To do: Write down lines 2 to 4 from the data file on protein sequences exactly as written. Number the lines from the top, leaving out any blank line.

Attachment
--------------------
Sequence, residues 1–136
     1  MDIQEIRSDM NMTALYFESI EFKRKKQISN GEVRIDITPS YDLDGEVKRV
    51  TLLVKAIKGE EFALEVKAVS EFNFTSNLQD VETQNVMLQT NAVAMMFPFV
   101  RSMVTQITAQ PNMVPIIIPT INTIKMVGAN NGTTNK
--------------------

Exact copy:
     1  MDIQEIRSDM NMTALYFESI EFKRKKQISN GEVRIDITPS YDLDGEVKRV
    51  TLLVKAIKGE EFALEVKAVS EFNFTSNLQD VETQNVMLQT NAVAMMFPFV
   101  RSMVTQITAQ PNMVPIIIPT INTIKMVGAN NGTTNK